The research on image schemes and their application in human-machine interaction is still in its infancy and a lot of time and work will be needed to establish the approach in practice. However, since I consider the approach to be very promising, I support its dissemination.
Can you briefly explain why it is not possible to start directly with the development of the design solution?
Because the (image-schematic) requirements must be known in order to align the design solutions accordingly. Without prior analysis of the user's language, it is not possible to identify image schemes and image-schematic metaphors corresponding to the work task, which are the building blocks of the user's mental model of the work task.
It is conceivable, however, that image-schematic metaphors may be documented for certain tasks, which can then be used in similar projects directly in the phase of developing design solutions. In addition, the well-documented primary metaphors can also be used without a prior language analysis. The ISCAT database represents such documentation.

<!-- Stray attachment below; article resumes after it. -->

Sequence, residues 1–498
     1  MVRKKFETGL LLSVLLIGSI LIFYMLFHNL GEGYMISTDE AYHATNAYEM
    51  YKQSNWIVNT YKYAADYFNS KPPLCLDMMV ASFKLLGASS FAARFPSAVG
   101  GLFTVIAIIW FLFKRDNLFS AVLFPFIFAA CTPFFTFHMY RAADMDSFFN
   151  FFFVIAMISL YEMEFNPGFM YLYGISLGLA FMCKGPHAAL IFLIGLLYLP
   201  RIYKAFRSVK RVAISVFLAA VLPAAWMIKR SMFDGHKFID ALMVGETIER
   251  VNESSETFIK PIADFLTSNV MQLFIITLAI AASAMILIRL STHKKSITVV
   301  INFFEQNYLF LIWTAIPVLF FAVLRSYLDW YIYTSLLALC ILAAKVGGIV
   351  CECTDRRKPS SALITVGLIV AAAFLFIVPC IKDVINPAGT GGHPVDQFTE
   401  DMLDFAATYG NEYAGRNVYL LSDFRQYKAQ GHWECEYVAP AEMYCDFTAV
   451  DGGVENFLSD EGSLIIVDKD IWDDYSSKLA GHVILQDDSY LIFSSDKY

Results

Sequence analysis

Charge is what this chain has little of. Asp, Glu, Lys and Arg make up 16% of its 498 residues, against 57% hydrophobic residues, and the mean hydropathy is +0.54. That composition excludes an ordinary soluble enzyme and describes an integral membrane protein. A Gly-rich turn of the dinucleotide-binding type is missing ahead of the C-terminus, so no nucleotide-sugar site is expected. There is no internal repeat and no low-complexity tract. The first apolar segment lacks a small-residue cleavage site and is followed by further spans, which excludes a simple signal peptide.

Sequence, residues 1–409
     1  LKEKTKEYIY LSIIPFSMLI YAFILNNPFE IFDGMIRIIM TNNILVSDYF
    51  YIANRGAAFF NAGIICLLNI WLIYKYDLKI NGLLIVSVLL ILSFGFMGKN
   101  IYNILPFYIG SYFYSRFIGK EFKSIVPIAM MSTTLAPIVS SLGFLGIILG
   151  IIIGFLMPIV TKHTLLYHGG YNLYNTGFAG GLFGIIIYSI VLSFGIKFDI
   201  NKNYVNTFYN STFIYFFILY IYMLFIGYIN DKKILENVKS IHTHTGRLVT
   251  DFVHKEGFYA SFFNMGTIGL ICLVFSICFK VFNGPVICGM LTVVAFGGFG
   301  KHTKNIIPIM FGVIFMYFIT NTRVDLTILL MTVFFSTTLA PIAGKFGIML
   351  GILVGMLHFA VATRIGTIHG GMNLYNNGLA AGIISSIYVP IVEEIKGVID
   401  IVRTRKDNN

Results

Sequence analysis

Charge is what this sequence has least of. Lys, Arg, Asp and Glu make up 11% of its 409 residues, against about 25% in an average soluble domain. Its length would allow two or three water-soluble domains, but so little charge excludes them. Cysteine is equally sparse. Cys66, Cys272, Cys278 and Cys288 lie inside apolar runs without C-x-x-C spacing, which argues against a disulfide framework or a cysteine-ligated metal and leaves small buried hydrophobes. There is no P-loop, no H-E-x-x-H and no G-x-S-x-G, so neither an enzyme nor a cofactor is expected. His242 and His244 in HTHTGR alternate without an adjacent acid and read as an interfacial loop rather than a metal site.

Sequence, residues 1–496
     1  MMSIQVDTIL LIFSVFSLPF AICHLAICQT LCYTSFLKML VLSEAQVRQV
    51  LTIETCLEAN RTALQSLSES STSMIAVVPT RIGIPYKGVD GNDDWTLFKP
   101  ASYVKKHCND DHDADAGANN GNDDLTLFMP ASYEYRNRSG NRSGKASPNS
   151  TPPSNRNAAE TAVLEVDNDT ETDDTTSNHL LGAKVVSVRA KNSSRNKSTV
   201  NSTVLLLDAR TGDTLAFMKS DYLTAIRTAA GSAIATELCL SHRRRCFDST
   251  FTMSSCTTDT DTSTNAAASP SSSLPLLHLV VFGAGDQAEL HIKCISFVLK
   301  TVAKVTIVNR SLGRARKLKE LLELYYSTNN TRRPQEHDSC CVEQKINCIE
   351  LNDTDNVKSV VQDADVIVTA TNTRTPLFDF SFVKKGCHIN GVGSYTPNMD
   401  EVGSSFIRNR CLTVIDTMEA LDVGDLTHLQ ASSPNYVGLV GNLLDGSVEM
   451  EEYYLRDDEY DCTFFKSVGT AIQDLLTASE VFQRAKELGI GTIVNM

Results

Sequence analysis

Do you have tips for practitioners on how they can learn how to apply the method in order to benefit from your scientific findings as quickly as possible?
We frequently offer lectures on the topic of image schemes in design and a comprehensive manual on the method is available on the Internet at www.ibis-projekt.de. In general, I can only encourage you to try out the method once and to focus more on the role of the body and the sensory-motor learning history in the design than to constantly copy sometimes suboptimal technological conventions.
You are organizing a tutorial at the Human & Computer Conference 2014? What is the focus of the event?
In the half-day tutorial, all core steps of the method are carried out independently by the participants, i.e. interview statements are examined for image schemes, and image-schematic metaphors are formed and used in the design. My colleagues bring a wide variety of examples from the fields of software, hardware and mobile devices. This way, all steps of the method can be tried out by the participants.
Interview with Diana Löffler
Research associate and lecturer at the Chair of Psychological Ergonomics at the Institute for Human-Computer-Media of the Julius-Maximilians-University Würzburg.